“You want to stick to omega-3 oils and stay away from omega-6. Olive or coconut oils are good choices, ”says Barnes. Also, pay attention to the sugar content. "Sugar and omega-6 oils increase inflammation in the body very quickly," she adds. A great option is to use olive oil and vinegar or make your own dressing at home.
Magnesium deficiency is another trigger. Barnes explains that people with high markers of inflammation often have low levels of magnesium. "Over half of Americans aren't getting enough magnesium, so make sure you add a high-quality magnesium supplement or eat plenty of magnesium-rich foods like spinach, almonds, and chia seeds," says Barnes.
Increased stress, overtraining, the use of non-organic beauty products can also be triggers. Many household cleaners are loaded with chemicals that can trigger an inflammatory immune response.
A clean diet, responsible exercise, ways to reduce stress, and organic products with beauty and household products will all help reduce chronic inflammation and bring your body back into a healthy balance.
Foods that cause inflammation
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The foods (and drinks) you consume regularly will either nourish the fire or help fight it; and while you don't have to give up your cheat meal, removing foods that are highly processed, high in refined sugars, have bad fats, are deep-fried, contain MSG, and are heavily processed overall, is a good place to start.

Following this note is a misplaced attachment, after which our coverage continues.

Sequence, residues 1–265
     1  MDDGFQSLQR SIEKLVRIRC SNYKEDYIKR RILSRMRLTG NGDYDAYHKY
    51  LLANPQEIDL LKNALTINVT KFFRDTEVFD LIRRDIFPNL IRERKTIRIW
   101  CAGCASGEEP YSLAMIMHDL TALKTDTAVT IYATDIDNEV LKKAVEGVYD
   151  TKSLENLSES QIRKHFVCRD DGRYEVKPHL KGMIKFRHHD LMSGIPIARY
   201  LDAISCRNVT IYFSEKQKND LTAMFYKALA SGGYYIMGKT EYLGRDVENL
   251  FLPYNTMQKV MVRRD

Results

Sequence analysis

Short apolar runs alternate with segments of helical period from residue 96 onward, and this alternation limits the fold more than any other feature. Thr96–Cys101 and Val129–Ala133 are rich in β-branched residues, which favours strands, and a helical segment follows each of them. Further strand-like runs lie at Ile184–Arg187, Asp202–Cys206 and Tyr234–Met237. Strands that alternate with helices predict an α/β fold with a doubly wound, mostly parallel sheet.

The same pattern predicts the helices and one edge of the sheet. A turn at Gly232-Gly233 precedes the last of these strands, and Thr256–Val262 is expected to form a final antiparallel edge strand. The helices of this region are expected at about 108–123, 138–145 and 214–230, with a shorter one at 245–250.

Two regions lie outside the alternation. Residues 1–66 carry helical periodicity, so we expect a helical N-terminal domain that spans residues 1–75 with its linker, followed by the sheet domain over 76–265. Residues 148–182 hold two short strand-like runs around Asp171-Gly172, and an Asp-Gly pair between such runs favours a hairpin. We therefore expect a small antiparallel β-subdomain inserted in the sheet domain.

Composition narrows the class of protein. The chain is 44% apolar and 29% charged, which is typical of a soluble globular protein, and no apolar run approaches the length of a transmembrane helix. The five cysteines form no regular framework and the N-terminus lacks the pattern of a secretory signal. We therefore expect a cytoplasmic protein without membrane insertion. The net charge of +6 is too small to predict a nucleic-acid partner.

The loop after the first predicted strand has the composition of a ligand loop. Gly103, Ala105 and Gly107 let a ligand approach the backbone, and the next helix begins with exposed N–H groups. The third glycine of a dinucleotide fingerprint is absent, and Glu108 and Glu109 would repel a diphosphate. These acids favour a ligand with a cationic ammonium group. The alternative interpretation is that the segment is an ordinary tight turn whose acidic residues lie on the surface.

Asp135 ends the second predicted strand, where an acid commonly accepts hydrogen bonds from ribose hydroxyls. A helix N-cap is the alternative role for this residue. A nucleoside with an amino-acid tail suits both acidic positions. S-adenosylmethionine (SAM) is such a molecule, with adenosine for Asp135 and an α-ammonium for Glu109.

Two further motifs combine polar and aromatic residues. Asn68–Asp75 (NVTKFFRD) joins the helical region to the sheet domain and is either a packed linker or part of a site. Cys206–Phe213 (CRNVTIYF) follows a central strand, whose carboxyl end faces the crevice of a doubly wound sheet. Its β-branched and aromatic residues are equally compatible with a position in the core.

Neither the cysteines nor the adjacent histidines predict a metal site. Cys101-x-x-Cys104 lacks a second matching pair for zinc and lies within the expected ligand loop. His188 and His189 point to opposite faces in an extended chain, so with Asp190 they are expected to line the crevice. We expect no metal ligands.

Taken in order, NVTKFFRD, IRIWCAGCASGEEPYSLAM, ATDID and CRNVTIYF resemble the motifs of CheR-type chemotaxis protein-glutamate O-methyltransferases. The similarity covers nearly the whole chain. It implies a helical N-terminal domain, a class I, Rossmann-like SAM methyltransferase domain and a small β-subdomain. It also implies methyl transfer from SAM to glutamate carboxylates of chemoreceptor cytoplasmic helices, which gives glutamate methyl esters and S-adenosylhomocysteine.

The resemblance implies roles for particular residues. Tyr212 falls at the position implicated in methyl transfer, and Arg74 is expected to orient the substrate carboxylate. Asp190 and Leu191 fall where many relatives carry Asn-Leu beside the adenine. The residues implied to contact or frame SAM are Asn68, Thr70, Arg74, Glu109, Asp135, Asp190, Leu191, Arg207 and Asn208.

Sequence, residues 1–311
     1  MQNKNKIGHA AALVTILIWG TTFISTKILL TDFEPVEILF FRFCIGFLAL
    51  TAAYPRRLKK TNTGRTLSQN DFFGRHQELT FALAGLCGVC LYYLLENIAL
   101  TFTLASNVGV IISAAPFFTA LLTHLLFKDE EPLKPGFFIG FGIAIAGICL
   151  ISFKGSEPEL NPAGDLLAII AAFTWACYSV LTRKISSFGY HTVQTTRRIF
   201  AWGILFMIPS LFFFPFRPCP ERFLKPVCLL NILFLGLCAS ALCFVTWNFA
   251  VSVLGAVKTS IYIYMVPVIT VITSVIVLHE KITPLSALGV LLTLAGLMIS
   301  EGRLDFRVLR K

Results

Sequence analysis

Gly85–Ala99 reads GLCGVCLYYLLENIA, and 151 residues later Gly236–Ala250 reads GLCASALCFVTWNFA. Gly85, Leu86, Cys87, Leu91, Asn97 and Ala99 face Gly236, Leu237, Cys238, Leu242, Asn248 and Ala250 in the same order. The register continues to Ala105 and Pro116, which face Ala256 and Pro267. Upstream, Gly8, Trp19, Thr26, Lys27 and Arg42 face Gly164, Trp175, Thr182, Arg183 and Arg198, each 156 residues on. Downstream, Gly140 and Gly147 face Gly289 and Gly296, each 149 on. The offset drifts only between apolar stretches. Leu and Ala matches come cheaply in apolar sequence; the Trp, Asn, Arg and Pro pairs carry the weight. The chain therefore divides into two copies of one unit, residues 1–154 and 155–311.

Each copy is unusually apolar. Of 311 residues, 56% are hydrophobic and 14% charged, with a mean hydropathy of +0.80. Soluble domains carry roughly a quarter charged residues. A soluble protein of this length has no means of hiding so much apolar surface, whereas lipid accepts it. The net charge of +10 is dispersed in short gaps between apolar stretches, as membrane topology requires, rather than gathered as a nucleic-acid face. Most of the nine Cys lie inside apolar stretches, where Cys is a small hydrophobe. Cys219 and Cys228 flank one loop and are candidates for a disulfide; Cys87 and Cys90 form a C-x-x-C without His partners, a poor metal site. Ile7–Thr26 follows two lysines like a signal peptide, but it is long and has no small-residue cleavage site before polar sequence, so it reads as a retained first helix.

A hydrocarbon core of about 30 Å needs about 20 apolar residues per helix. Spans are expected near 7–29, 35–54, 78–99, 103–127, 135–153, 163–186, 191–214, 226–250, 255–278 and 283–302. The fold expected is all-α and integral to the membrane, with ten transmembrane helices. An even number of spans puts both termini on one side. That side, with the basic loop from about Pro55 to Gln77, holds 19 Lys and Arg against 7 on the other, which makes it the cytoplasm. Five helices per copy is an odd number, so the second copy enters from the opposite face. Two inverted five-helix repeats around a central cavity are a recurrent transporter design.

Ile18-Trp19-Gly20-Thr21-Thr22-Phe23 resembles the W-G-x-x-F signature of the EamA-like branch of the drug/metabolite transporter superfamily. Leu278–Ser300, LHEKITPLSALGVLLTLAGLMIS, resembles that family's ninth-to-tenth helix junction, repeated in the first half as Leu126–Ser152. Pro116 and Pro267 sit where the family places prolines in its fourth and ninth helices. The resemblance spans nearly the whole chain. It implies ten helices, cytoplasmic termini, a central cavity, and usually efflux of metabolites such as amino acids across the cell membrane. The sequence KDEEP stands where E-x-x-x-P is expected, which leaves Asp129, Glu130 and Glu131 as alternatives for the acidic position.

Many foods today are filled with unnecessary ingredients such as food coloring and binders that steadily increase the body's inflammatory response. Granted, alcohol is not a food, but when consumed heavily it creates a potentially dangerous reaction and is better kept for a cheat meal or in moderation. Whatever you put into your body the most will play a huge role in how you feel and look.
How to Reduce Chronic Inflammation
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While there is no such thing as a magic bullet to cure chronic inflammation, an anti-inflammatory lifestyle along with a clean diet will get you on the right track.
In Latin, to ignite means to set fire to and to put out the fire, the elimination of the culprit (s) is key. "The first thing it takes to reduce or reverse inflammation is to identify and eliminate the underlying causes," says Cole. To get rid of it, we need to stop throwing gas on the fire.
And although our body is designed to heal, it is necessary to create an environment in the body that is conducive to healing. Cole explains, "This is an anti-inflammatory cellular healing environment that is best promoted by eating mostly organic whole foods, getting adequate rest, sleeping and exercising, and finding ways to reduce stress."
Remove and Replace: Swap inflammatory foods like highly processed meat and soda for fresh fish, fruits, vegetables, nuts, turmeric, ginger and olive oil, and add stress relieving activities to your life that you enjoy like hiking, exercising, reading , Breathing work, being present in nature. Anything That Can Relieve Stress – Do It!
Remember, just like with achieving a fitness goal, there isn't one meal or one activity that will get you there. The same goes for creating an anti-inflammatory body; it takes a lifestyle change; good food, good sleep, clean products, and finding ways to relieve stress.